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Not the Swiss Family Robinson.

There are two concurrent movements in this novel, one that takes its narrator, Monica Robinson, away from all that she discovers she is not, the other drawing her towards whatever she has the potential to be. The title of Cooper's fourth novel refers humorously and sarcastically to ways in which her own Family Robinson is stranded - not on an island, but "as near to the middle of nowhere as you can get without adventures and shipwrecks." The closest town, What Cheer, is twenty miles away, and Monica is drawn there as Vera Cartwheel, in Marguerite Young's Miss MacIntosh, My Darling, was also drawn to What Cheer, lowa (a coincidence or homage?). Leaving her family's dilapidated farm for the more congenial home and emotional influence of her single, female, thirty-five-year-old English teacher, seventeen-year-old Monica learns that she is not, by birth, a "Robinson," nor a Midwestener, nor even an American, nor a heterosexual, and, thus, she finds a series of women who help her to recognize who she is and what she wishes to discover.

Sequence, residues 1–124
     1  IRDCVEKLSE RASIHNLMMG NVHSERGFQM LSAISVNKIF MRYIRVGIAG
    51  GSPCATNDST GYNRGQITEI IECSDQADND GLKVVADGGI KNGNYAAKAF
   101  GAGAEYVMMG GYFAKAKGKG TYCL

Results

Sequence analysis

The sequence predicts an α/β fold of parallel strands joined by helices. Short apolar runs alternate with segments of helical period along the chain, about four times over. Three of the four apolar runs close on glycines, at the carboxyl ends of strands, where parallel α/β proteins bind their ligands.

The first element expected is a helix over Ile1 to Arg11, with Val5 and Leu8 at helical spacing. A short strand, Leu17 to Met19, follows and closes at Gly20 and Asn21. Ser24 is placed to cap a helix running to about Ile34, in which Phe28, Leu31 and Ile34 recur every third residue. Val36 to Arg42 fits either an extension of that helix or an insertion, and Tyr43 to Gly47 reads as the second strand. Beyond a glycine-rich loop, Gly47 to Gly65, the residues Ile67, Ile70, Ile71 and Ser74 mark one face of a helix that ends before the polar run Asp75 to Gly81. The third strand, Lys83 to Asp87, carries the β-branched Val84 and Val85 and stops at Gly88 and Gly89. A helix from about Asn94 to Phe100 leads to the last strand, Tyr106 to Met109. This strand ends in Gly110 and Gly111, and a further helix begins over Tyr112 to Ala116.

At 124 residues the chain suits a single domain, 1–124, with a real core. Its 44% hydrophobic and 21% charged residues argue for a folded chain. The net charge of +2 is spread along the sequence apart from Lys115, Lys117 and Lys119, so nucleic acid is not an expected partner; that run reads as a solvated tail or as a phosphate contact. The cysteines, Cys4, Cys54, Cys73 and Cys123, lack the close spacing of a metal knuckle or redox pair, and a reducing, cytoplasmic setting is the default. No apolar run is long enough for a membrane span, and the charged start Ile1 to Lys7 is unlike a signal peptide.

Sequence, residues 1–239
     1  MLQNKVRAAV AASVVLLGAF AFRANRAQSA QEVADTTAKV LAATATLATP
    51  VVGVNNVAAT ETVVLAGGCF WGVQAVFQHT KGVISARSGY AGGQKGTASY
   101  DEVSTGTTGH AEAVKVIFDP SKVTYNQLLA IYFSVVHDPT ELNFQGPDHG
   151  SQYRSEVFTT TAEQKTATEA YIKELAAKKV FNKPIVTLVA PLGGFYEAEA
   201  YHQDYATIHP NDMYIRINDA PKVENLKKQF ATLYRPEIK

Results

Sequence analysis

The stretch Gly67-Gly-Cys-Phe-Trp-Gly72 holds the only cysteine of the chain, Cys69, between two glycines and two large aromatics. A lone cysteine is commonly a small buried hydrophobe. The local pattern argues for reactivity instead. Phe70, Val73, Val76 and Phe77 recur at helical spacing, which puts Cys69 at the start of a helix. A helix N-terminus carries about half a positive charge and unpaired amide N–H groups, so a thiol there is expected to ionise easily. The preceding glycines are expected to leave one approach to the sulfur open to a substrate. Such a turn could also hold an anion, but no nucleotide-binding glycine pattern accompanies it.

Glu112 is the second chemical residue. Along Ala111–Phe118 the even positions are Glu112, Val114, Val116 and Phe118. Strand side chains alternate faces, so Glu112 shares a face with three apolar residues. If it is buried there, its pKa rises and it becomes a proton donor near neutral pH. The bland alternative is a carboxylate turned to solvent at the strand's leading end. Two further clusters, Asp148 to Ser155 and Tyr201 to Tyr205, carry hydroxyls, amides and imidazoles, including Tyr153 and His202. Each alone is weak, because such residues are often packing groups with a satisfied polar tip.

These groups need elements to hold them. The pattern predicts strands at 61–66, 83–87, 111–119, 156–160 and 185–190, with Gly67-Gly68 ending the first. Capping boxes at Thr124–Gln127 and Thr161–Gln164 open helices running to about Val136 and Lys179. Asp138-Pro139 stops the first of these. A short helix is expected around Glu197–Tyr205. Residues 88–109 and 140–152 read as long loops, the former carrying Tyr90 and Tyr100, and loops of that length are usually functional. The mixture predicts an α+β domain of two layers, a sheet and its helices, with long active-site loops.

Part of the book's humor comes from the author's obvious use of character types: farm boys, rodeo personalities (in this case, a woman), a big-city, motorcycle-riding woman, and a repressed, nurturing schoolteacher, with whom Monica falls in love. Not the Swiss Family Robinson lacks complexity, but as the fast-paced, spirited story of a young lesbian that Cooper undoubtedly intended it to be, the novel makes for easy, engaging reading.
COPYRIGHT 1993 Review of Contemporary Fiction
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Copyright 1993 Gale, Cengage Learning. All rights reserved.

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Author:Fuchs, Miriam
Publication:The Review of Contemporary Fiction
Article Type:Book Review
Date:Mar 22, 1993
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